Japan's new gateway

Nagoya is the city other Japanese love to look down on. I have been told confidently by many Tokyoites, Osakans, and especially by the haughty natives of Kyoto, that 'Nagoya has no culture.' Most foreign tourists only catch a glimpse of its massive castle (a reconstruction, since the original was almost completely destroyed by wartime bombing) from the windows of a bullet train, stopped briefly at Nagoya Station on their way from Tokyo to Kyoto or Osaka.

The residents of the Chubu region, as the area around Nagoya is known, are regarded as bumpkins, their local food specialties (mainly noodle dishes) are regarded as unexciting, the universities, writers, and other cultural figures from the region are derided, too. Like Philadelphia, Nagoya suffers the contempt of the large and sophisticated cities between which it lies.

Quite unfairly, in my opinion. I am a great partisan of Nagoya, despite its negative image. The city and suburban area together are approximately the same size as greater Chicago: 7 or 8 million people. Getting around Nagoya is simple. The city's subway system is fairly new, sparkling, and efficient. The private Meitetsu Railroad, a vast commuter network, is a superb operation, with comfortable, relatively uncrowded trains running in all directions. Most importantly, Nagoya, which was bombed into rubble during World War II, rebuilt itself with broad, straight boulevards, making traffic move smoothly, and providing expansive vistas.

Nagoya has been the home region of many of Japan's greatest warriors and leaders. The Shoguns Oda Nobunaga, Toyotomi Hideyoshi, and Tokugawa Ieyasu, who successively re—unified Japan after a century and a half of warring principalities, all emerged from Mikawa, as the region used to be known in feudal times. Akio Morita, the legendary founder of Sony, was from Mikawa, as was the inventor and entrepreneur Toyoda Sakichi. Before the Toyoda family turned its genius to making cars in the 1930s, patriarch Sakichi developed the Toyoda Automatic Loom in the Nineteenth Century. It was simply the best, most sophisticated loom in the world, at a time when textiles were the world's dominant manufacturing business. A British company paid a king's ransom to license the technology developed in humble Mikawa. His son Kiichiro Toyoda saw that automobile manufacturing would be the world's dominant manufacturing industry, and started a car—making division in 1933, spun—off as Toyota Motor Corporation in 1937.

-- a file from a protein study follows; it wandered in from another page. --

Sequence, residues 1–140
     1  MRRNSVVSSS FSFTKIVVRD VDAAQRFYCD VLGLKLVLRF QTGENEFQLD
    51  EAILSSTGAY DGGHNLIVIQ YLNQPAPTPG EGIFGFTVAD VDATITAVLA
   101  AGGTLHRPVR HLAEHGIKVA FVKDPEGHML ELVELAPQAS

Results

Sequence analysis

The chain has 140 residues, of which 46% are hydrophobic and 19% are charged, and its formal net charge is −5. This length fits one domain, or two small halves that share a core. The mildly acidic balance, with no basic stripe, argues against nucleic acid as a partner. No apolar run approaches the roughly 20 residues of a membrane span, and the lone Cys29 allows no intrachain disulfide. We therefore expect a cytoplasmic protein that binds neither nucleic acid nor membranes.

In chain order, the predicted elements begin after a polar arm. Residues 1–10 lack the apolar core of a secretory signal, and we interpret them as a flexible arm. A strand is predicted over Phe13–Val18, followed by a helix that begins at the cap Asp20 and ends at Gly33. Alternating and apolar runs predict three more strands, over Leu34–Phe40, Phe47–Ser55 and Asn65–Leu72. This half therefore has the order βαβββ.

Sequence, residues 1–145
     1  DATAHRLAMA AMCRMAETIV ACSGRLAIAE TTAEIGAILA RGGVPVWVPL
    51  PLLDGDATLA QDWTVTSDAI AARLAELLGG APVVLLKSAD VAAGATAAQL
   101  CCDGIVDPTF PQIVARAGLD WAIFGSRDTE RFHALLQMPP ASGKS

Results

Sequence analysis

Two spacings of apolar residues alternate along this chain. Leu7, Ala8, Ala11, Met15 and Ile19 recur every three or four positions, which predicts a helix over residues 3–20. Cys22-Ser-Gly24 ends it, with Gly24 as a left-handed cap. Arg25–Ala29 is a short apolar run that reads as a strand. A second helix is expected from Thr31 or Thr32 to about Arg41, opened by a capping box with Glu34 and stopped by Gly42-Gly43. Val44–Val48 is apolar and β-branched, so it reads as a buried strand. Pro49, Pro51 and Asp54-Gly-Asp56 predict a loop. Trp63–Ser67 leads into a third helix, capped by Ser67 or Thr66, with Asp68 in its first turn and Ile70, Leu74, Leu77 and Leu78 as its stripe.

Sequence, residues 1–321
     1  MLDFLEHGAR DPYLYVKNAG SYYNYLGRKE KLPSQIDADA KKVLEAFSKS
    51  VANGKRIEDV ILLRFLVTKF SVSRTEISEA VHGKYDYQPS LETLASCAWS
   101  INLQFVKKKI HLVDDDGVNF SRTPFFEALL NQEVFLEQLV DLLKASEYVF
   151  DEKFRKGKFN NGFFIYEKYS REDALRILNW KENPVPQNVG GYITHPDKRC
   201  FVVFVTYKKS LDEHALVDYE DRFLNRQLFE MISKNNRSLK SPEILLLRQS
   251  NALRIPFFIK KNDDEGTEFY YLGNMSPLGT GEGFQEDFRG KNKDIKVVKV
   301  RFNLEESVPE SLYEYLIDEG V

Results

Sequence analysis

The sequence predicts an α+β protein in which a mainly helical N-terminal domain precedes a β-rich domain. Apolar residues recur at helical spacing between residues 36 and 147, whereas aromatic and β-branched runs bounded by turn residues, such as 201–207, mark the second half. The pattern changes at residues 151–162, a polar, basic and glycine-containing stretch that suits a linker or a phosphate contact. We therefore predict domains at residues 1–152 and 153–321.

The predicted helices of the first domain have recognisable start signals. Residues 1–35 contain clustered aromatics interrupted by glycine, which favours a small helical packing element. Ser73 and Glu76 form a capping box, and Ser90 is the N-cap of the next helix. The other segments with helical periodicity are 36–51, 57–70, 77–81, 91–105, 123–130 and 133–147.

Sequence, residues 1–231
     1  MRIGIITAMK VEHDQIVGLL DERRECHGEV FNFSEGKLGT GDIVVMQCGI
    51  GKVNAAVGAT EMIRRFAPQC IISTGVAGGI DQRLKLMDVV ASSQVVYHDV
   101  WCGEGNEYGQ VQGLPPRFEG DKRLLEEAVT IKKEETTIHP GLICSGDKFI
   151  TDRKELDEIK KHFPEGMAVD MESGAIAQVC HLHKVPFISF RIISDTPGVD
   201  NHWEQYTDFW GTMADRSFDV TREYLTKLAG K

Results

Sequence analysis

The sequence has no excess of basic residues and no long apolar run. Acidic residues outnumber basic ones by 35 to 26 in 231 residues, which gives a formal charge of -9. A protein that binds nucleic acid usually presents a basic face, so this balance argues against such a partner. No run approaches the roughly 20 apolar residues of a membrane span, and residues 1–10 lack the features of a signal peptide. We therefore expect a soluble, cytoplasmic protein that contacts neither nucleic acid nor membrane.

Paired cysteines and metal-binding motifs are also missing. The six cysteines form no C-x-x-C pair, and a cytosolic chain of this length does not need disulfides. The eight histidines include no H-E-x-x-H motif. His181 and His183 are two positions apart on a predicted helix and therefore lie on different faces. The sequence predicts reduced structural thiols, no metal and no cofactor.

Nagoya is definitely having the last laugh at the expense of its more prestigious rival metropolises, economically speaking. Sparked by Toyota, Nagoya's economy is in far better shape than that of any other region in Japan. It is full of companies enjoying success sparked by the growth engine of Toyota, and other local companies, simply well—managed, efficient, and unpretentious enough to keep their eyes on the ball, rather than worrying about their status in the pecking order. It matters less in Nagoya where you went to college than what you can do. Results matter more than your accent. And it shows. Nagoya is the city that gets things done, while others worry about appearances.

The people in Nagoya are visibly prosperous. But what I like best about them is that they are unpretentious and very friendly. There are some spectacular scenic regions close by Nagoya, including my absolutely favorite region for hot springs resorts, up a long and scenic mountain gorge, just north of Nagoya.

United Airlines, Northwest Airlines  and American Airlines are flying nonstop from their gateway cities of San Francisco, Detroit and Chicgo to the brand new international airport in Nagoya, Japan. I am extremely pleased to have a new gateway to Japan, giving me an alternative to Kansai Airport near Osaka (another city I love), as a way of avoiding wretched overcrowded, and remote Narita Airport outside of Tokyo.